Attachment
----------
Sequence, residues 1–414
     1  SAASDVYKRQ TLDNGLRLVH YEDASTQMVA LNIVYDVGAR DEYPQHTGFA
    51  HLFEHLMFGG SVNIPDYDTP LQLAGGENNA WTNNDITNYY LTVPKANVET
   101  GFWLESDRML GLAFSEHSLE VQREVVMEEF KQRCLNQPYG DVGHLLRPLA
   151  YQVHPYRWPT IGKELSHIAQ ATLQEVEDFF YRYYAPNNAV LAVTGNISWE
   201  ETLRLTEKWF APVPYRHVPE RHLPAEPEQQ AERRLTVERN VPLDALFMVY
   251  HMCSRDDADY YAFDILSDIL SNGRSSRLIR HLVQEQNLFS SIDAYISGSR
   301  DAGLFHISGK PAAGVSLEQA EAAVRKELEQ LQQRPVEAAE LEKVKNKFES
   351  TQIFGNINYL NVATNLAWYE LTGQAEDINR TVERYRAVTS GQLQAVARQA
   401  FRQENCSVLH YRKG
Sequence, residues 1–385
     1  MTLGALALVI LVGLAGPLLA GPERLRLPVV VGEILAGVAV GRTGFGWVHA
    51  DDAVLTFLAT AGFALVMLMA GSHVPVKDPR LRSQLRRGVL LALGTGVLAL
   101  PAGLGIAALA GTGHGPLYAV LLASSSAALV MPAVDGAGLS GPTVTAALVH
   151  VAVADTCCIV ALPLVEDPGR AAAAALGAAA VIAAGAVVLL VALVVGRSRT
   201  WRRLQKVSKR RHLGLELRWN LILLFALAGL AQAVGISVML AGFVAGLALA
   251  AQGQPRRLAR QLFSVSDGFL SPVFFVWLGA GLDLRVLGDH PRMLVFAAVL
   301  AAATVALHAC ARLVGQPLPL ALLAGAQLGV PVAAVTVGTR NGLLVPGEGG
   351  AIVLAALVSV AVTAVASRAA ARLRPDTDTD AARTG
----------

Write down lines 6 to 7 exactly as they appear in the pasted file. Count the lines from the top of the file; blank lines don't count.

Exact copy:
   201  ETLRLTEKWF APVPYRHVPE RHLPAEPEQQ AERRLTVERN VPLDALFMVY
   251  HMCSRDDADY YAFDILSDIL SNGRSSRLIR HLVQEQNLFS SIDAYISGSR